This week's gardening tips from the Savvygardener.

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September 13, 2006

Seeing Red...
This cooler weather has really motivated me. Today I am planting all of my pots (which have yet to be planted all year) with mums, ornamental millet and pansies. All great for cooler fall days. The colors that mums and pansies can add to the fall landscape are unbeatable. For those of you who know me know that Helen Red is my favorite mum. Red is my favorite color and when Helen Red is in full bloom it is magnificent. Mix it with some of the yellows and oranges and you have the perfect fall combination, one that will take you into November. Isn't it fun to be out in the garden with a pair of jeans and a sweatshirt?

We have put some sod down in a few places in the backyard. We are trying to be diligent about keeping it watered - the key to getting sod off on the right foot. I have to say that it does help to have an irrigation system. That is one of the many things I am thrilled about in the new house. It sure does make watering much easier. I remember dragging those hoses around. UGH! What a full-time job that was. If you have recently planted seed remember to keep it moist. Keeping it moist (not soaked) will help with the germination process. I would recommend once in the morning and evening. Hopefully your new seed will be up and thriving within 7-14 days. New life to the lawn after a very stressful summer.

~ Shelly  

Totally Tulips (Part 2)
One of the best ways to keep your spring garden flowering is by planting tulip bulbs that bloom at different times.  Last week we recommended some tulip varieties that would bloom toward the early part of spring.  This week we focus on those that will bloom after the early bloomers but just before the late bloomers.  Careful planning will pay off next spring with a continuously blooming tulip garden.

  • Darwin Hybrid Tulips are highly prized for their large, brilliant flowers.  Flowers are available in shades of red, pink, orange, and yellow.  Blooms are borne on strong stems which are up to 30 inches tall.  Darwin hybrid tulips often bloom well for several years, making them one of the better perennial tulips.
  • Triumph Tulips produce cup-shaped flowers on strong, medium-length stems.  Average plant height is 10 to 16 inches.  This is the largest class of tulips and offers the widest range of flower colors.  Triumph tulips are excellent for forcing.
  • Parrot Tulips have deeply feathered, curled, or twisted petals.  Flowers may be single or multi-colored.  Many varieties have a green spot at the base of their petals.  Parrot tulips are sensitive to poor weather and should be planted in a protected spot.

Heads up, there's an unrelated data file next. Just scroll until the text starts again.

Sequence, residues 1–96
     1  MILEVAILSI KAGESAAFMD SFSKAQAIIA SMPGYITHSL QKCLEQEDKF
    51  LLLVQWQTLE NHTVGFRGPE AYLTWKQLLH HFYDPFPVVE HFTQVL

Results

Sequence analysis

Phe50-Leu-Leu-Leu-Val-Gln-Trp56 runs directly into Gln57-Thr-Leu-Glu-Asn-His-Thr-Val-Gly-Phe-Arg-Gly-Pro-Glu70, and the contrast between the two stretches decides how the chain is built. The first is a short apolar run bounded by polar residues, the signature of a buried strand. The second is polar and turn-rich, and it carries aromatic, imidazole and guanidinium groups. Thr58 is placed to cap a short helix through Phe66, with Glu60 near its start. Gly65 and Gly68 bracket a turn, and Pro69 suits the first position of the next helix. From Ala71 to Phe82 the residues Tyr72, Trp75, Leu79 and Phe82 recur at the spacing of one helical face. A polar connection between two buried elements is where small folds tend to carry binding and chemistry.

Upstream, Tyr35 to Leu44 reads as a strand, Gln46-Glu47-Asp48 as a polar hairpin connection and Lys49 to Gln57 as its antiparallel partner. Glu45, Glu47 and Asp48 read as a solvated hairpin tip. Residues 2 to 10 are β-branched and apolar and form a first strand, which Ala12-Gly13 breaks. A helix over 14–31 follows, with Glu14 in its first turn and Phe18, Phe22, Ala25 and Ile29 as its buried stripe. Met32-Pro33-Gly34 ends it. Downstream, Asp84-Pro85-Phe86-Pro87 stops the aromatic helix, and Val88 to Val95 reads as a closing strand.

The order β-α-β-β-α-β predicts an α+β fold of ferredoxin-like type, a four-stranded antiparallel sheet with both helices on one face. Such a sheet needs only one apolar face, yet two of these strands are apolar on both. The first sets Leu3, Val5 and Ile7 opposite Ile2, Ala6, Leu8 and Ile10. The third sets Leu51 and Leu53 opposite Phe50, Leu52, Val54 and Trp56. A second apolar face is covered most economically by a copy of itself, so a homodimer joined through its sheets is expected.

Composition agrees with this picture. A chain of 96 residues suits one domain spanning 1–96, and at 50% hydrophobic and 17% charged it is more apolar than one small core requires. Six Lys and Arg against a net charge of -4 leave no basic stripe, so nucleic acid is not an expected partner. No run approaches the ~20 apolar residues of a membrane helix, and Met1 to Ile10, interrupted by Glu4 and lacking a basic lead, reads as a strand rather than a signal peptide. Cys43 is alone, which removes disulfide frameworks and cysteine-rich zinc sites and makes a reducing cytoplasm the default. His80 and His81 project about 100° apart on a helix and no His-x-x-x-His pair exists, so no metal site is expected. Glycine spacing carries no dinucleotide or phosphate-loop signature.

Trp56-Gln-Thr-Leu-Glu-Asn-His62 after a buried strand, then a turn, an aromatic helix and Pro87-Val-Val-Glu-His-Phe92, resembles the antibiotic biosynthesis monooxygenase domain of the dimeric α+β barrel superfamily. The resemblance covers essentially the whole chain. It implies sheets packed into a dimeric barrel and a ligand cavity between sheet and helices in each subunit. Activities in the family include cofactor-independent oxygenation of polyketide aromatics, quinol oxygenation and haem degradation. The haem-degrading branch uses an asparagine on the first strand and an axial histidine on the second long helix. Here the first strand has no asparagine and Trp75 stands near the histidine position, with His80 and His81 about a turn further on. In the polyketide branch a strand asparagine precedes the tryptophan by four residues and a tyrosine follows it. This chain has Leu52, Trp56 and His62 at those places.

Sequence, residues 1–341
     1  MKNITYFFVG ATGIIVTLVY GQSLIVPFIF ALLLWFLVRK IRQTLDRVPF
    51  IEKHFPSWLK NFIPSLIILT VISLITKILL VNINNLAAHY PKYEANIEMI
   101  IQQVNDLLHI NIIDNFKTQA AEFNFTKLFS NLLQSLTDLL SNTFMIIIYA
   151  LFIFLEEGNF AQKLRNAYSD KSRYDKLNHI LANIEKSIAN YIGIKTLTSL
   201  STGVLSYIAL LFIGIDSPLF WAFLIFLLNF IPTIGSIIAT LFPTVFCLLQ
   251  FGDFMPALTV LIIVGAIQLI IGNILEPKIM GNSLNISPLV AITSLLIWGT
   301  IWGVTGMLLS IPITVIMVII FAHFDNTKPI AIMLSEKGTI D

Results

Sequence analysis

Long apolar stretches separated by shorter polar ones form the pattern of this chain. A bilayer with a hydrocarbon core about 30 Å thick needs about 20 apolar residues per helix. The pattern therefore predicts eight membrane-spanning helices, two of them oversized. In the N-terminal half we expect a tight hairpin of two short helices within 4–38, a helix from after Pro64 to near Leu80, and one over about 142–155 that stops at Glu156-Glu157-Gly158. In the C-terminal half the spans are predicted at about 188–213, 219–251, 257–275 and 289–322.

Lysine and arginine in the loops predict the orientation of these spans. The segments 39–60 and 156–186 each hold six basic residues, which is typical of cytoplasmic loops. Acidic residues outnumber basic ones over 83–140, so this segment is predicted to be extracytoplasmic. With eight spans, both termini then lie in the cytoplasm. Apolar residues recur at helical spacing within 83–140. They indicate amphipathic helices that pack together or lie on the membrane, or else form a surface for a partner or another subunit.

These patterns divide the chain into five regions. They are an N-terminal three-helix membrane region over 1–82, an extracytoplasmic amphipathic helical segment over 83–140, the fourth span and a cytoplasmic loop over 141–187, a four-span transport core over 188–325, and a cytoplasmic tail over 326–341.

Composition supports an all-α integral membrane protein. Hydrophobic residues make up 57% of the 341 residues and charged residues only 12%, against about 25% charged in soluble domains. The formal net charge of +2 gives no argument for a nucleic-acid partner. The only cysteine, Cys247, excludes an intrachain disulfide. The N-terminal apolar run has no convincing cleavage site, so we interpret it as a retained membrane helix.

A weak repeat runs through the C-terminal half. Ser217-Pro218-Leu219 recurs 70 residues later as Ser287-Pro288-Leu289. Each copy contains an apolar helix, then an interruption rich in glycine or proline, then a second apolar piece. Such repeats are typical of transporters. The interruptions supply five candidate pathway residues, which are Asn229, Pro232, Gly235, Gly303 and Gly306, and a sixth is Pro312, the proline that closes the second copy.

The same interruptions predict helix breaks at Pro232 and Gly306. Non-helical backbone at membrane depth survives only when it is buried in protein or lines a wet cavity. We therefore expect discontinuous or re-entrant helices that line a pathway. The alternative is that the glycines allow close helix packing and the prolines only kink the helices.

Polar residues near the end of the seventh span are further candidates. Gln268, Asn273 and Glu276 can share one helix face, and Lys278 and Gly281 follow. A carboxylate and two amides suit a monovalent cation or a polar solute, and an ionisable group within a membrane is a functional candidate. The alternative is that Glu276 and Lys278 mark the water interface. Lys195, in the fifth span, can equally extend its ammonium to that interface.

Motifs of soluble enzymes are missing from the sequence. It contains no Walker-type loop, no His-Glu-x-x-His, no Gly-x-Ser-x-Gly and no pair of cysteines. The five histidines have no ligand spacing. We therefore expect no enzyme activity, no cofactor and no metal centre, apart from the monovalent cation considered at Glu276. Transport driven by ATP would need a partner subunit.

Next week, the late bloomers...

Source

 

Mulch Ado About Trees...
Fall is a great time to plant a tree.  Keeping it alive is an all-season affair.  Mulching is so important for new trees but it's not as simple as dumping a bag of wood chips at the base of a tree.  Here are some tips to help you avoid the most common mistakes: 

  • Don't pile mulch around the trunk.  This keeps the trunk wet, which can allow diseases and insects to invade.  Keep the mulch at least 6 inches from the trunk.
  • Don't put on too little or too much.  A 1-inch-deep layer doesn't do the job.  A settled depth of 3 to 5 inches gives you the full benefits of mulch, including good weed control.  Mulch depths of a foot or two are excessive and may smother roots.
  • Don't apply sour-smelling mulch.  If it smells like a litter box it's probably been stored on a waterlogged site.  The ammonia that builds in this situation can harm your tree.  Sour mulch is a rare occurrence, but your nose will give you a clear warning of it.
  • Don't use freshly chipped chips.  While the chance of disease transmission is small it's easy to go zero-risk by aging chips for six weeks or more before using them around your trees.

 

Continue Mosquito Control...
In case you haven't noticed, mosquitoes continue to be present in large numbers and will continue to pose a threat right up until our first hard frost. Limiting their breeding area is one of the most effective ways to keep their numbers in check.  Mosquitoes can breed in very small amounts of standing water, sometimes even in water collected on a plastic bag or under a small saucer under a plant. Change water in birdbaths and pets water dishes regularly - at least twice a week.